When we speak, think, or act in a way that is contrary to the decision we made to follow Christ, it reveals an area of our heart that still needs purification. God was not solely concerned with David's sin against Bathsheba (though it was appalling). God was concerned with the depth of sin in David’s heart that led to his sinful behavior. God's focus is never merely on our sinful behavior; God's focus is always on the condition of the heart that led to such conduct. Our decision is whether we will allow God to reveal the depth of sin that causes us to do what we don't want to do and not do what we want to do (Rom. 7:15-20). If we choose to merely focus on the "bad" behavior, we seek forgiveness but do we seeking heart transformation?
God's concern is never only “bad” behavior, nor is His concern merely “good” behavior - including any outward/public display of moral performance (Ps. 51:16). Transformation doesn't come by religious effort or "trying harder." Change comes by giving God permission to go to the core of the issue that enabled sin to take root in our hearts. When God reveals that issue to us, He gives us the responsibility to give our heart to Him for cleansing (Prov. 20:9). But we must be willing to go beyond the sin we see and allow God to reveal the root of sin to us.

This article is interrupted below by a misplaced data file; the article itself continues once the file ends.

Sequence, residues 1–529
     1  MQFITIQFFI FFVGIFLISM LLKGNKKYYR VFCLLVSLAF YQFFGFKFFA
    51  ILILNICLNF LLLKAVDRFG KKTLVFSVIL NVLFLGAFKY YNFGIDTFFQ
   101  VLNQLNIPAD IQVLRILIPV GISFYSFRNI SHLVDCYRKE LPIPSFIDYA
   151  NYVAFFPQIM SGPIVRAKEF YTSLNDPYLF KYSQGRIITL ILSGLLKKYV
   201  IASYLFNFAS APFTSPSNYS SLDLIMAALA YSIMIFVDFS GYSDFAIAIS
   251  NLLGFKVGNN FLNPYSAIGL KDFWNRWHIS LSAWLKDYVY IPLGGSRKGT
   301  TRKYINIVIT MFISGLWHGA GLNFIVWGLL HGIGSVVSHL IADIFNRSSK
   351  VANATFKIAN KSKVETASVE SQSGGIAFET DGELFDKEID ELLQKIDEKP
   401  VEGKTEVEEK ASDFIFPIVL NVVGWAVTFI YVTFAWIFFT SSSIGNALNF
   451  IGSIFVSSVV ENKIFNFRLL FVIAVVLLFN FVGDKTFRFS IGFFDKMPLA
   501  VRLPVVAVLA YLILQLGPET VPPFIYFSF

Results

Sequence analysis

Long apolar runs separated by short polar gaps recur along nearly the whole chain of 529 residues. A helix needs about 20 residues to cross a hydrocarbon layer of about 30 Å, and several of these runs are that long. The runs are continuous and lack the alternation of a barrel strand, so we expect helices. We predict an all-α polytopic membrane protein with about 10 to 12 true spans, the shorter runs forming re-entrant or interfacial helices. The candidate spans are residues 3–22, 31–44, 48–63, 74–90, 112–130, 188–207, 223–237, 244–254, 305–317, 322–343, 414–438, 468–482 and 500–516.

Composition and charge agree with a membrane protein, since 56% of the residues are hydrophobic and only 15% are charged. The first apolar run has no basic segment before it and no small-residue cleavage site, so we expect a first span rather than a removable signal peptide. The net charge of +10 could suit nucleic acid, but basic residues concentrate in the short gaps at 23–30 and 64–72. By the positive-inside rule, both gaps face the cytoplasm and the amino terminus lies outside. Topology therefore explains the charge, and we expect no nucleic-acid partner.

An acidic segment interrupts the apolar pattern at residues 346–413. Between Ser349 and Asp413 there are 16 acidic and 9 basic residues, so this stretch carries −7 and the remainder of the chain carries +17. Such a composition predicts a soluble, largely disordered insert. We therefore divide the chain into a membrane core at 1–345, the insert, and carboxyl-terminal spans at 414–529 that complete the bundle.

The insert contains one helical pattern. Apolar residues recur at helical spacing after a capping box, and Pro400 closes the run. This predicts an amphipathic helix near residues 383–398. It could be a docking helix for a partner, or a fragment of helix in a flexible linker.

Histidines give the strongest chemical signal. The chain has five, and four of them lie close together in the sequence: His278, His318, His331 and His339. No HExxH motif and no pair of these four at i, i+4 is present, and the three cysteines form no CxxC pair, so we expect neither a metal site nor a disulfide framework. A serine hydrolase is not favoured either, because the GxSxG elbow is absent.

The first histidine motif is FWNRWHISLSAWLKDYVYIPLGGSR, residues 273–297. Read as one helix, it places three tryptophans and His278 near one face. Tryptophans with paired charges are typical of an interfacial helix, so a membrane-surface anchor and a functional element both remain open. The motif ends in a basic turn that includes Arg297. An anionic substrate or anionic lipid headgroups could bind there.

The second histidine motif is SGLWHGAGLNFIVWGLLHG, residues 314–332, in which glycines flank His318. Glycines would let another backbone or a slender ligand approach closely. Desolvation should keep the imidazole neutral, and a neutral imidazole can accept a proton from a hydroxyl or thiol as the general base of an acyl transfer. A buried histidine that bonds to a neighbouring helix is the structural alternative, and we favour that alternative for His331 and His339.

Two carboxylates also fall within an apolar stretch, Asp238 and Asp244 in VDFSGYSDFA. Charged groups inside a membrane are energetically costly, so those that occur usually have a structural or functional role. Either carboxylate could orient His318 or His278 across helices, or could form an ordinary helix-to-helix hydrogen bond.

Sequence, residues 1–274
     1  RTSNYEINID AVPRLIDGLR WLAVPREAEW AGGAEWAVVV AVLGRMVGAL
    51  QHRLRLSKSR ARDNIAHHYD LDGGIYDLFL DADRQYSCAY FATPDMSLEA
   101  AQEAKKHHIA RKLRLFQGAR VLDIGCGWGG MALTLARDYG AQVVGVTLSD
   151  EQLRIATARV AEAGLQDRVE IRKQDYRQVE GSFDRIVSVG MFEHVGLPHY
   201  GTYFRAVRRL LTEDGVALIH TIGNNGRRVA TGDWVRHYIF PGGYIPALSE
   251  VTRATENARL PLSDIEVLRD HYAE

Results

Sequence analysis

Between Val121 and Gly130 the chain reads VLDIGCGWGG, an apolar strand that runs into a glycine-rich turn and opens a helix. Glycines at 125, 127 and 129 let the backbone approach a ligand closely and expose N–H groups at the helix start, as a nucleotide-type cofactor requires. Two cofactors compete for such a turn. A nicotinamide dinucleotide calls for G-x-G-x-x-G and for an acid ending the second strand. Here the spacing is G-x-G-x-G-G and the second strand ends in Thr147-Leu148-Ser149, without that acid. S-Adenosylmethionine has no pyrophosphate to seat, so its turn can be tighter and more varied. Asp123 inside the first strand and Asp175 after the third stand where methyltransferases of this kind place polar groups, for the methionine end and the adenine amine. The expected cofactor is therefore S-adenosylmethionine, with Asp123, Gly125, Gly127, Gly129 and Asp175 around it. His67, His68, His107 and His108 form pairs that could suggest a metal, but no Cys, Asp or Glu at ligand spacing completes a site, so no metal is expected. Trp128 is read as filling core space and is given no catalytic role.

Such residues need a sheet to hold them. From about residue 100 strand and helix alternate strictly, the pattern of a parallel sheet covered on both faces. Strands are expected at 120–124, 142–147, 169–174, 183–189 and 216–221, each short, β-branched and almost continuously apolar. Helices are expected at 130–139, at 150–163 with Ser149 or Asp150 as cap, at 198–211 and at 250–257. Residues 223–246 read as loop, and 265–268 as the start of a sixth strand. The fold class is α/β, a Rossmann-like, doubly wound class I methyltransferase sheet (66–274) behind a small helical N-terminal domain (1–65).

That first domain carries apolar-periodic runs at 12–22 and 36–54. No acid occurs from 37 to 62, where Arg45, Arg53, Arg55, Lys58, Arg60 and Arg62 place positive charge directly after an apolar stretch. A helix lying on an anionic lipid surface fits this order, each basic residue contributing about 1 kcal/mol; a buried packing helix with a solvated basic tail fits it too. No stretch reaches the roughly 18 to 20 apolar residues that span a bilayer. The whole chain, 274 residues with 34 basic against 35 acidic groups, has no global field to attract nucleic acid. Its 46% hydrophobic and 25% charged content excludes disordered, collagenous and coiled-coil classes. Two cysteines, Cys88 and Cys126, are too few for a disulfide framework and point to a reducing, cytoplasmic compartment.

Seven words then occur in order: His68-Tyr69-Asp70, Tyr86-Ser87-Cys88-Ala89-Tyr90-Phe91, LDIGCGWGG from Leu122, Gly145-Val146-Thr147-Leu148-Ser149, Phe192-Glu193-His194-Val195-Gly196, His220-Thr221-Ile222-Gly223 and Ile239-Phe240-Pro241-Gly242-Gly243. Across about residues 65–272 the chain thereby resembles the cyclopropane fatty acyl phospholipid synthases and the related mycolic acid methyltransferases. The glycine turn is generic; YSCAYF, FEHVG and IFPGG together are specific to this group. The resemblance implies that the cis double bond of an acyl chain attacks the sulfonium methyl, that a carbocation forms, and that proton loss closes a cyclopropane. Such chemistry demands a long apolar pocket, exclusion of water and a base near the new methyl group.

That was His concern for David, Jonah, Nineveh, and that is still God's concern for us today - have we allowed Him to reach the innermost places of our heart to reveal any level of captivity therein. God knew that the root of Jonah's sin was pride; surely that was why He sent him to his enemy. He not only wanted to heal the hearts of the evil Ninevites; God wanted to heal Jonah's heart in the process.